John Getty: Exato Game Studios

As an entrepreneur and gamer by nature, I always wanted to create video games. It started very early in middle school as I modded games like Starcraft and Command and Conquer: Red Alert, then dabbled a little in RPG Maker and flash. When I got to college, I met a good friend who shared a similar interest and with very little deliberation (we were both very excited), we started Exato Game Studios.

Read more

Thais Weiller: JoyMasher

I just love beautiful well done 2D graphics and both of these games grab me at first because of that. I grew to love them, however, for very different reasons. I love the sense of solitude and utilitarianism Metroid makes the player feel. It’s like “You felt in this cliff with no platforms back to security. Deal with it”. Mario World 2: Yoshi’s Island is completely different and I love the small and simple design choices that made the game so much fun. The joyful pace, the lovely sound tracks, Yoshi’s extra jump which makes the player fell just a bit more confident and Mario’s cries (though a bit disturbing in the beginning, they end up bringing a sense of familiarity to the gameplay and also were a not too punitive punishment to the player).

Read more

Will Brierly: Soda Drinker Pro

I love both of these games for different reasons. Burgertime because I love the gameplay, and it’s a game that I’ve consistently come back to since a little kid, I still can’t get very far in it but i don’t mind. I just love that game. I also love Loom for the story and the beautiful artwork. I loved how you had to use the spell book that came with it too to cast spells. A truly creative game that I’ll never forget.

Read more

Jonathan Malave: Kuroato Media

It’s the only game I have ever played over and over again, and never got bored of it. I love Japanese Anime; Final Fantasy 7 always gave me the feeling like I was taking part of an anime or something. Also, who could deny how cool and bad-ass the main characters, rivals Cloud and Sephiroth were? I have yet to find another game with rival characters that could match their synergy. Overall I think it was the Characters and the Storyline that did for me. Final Fantasy 7 is one of the best games ever made! and I think SquareEnix should remake it.

Read more

Dylan Barker: Cadenza Interactive

Making games is hard, particularly for people who grew up immersed in gaming culture. Your first forays into development never live up to your standards, because despite having ideas about what makes a good game, experience and understanding with actually making games is critical. Our first game, Sol Survivor, ended up being a fun game, but in a way it has exposed for me just how little I knew at the time about making games. I’m encouraged, though, by hearing other creatives (in this case Ira Glass) talk about that blow to the creative ego. The only way to move past it is to never stop creating. For every hundred things you create, you’re lucky to find one that’s great. The thing that separates game design success from failure is the ability to iterate; there are no “silver bullets.”

Read more

Torben Larsen: Cope-Com

Cope-Com was founded in 1987 by Martin Pedersen and Torben Larsen with the aim of making great Amiga computer games. With the award-winning game titles Hybris and Battle Squadron they successfully proved the capabilities of the Amiga home computer. Martin Pedersen started out with a ZX81 (actually an upgraded ZX80) in 1982 and later switched over to the ZX Spectrum, which was eventually exchanged with an Amstrad. In 1985 he did the game “The Vikings” for the Amstrad. At the same time Torben Larsen was doing the graphics for the same game on the Commodore 64. This was how the two met.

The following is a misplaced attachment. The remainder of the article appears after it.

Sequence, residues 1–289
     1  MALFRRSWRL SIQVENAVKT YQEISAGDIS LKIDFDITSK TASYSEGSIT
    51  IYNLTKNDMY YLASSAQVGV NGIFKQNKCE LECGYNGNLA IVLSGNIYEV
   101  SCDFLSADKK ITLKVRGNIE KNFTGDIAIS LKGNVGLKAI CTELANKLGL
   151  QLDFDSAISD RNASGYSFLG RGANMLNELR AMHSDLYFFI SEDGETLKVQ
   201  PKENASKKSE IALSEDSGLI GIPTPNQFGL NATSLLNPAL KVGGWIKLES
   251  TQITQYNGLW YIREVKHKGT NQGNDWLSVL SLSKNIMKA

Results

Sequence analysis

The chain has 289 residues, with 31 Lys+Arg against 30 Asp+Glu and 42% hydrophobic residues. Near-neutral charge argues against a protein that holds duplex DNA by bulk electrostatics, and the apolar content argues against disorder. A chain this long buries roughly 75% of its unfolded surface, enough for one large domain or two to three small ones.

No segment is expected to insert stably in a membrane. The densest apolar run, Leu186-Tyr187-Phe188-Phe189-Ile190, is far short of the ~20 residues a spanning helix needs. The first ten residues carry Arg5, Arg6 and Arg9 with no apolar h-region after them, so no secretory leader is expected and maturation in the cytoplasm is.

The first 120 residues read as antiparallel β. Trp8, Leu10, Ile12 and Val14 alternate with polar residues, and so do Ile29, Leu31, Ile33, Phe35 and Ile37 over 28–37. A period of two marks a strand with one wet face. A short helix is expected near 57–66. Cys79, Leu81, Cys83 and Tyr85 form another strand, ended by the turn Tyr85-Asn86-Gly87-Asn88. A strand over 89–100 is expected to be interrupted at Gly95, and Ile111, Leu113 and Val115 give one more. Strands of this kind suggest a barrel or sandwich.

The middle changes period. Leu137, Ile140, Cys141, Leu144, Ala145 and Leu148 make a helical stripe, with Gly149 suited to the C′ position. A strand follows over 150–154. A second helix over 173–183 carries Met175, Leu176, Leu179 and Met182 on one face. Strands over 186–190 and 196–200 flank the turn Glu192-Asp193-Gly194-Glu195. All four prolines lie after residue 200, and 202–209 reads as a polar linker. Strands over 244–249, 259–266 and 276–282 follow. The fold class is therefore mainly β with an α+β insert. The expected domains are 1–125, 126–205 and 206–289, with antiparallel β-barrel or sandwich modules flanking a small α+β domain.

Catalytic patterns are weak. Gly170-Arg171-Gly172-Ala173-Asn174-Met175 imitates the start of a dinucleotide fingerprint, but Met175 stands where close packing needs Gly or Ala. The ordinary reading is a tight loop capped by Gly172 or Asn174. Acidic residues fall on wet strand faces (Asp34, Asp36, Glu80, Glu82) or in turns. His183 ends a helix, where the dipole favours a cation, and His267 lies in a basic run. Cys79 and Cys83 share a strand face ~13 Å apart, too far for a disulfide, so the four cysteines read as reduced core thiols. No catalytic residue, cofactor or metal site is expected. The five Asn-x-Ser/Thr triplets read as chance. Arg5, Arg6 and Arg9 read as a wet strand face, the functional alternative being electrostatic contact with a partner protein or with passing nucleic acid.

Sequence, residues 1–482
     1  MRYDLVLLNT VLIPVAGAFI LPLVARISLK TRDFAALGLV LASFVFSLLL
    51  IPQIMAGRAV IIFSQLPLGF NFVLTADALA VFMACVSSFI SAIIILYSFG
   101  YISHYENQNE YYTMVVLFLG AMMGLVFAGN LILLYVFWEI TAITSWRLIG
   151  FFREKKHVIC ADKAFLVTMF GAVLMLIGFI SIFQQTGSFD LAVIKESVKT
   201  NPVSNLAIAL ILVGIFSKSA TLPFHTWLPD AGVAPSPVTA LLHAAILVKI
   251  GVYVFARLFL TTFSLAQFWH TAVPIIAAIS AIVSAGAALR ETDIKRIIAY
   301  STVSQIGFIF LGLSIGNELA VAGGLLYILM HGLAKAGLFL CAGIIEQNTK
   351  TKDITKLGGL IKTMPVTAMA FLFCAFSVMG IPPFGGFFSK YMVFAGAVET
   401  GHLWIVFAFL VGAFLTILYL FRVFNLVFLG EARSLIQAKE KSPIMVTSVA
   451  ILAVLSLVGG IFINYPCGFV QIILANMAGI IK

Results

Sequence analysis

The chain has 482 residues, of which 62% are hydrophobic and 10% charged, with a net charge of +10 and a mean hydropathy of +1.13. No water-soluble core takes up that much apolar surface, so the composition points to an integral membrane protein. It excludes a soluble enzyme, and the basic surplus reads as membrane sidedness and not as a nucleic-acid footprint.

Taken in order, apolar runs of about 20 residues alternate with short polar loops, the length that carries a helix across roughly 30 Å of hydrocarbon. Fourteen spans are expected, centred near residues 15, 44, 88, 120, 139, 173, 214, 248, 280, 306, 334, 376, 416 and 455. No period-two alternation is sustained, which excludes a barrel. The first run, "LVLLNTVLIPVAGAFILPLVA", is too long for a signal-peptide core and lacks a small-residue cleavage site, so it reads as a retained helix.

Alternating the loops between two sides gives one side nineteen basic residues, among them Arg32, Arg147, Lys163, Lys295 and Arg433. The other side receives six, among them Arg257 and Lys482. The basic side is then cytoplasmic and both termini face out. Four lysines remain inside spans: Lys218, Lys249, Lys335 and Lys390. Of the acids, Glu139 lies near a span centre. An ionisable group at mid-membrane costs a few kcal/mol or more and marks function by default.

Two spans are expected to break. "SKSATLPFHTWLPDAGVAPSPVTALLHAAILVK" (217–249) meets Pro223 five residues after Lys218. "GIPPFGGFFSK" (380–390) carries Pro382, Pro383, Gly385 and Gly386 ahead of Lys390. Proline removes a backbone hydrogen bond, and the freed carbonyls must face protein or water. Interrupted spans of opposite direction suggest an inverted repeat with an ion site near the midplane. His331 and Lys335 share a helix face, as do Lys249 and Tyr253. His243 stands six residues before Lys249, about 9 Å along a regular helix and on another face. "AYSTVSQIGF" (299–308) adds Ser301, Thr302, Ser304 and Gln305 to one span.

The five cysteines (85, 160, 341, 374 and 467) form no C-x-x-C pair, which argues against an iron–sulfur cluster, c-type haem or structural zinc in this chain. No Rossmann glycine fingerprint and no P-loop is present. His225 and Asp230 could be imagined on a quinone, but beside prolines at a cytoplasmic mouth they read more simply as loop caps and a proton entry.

Read more

Gamer Profile: Australian Retro Gamer

I’m partial to all types of gaming genres, but beat’em ups are pretty much at the top of the pile. Double Dragon was the first beat’em up to introduce two-player co-operative play. For this reason, it was great to have a mate with you beating up some baddies with either your fists, baseball bats, knives, barrels, whips, you name it, they could pick it up and use it. Also, who else could get away in a fight wearing sunglasses.

Read more

Nathan Bradford: Mr. Gravity

The controls are simple yet addicting, there is a lot to explore in such an early game including lots of secrets that I’m still discovering despite having played through the game nearly a dozen times. There is a level system which makes me want to keep playing it rather than simply just going through it. There is more than one ending. Overall I feel it’s a very well made game for its time.

Read more

Andy Briggs: Pwned

This is a tough question, I could of gone with a few games that I loved growing up, Mike Tyson’s Punch Out, Mario Bros., Skate or Die and countless other ones, Tetris is just one of those games that I can jump into at any time, play a quick game and bounce right out. I feel it still holds up today with gameplay. It’s not a very complicated game and the graphics might be big blocks, but to me, that’s the appeal of the game. To this day, I still play it as often as I can, maybe once a week or more if time allows. The reason why I love this game is because it causes you to objectively think fast. It’s just one of those games that I can be so emerged into that I don’t really care what’s happening outside, it’s nice to feel lost in a game that requires critical thinking.

Read more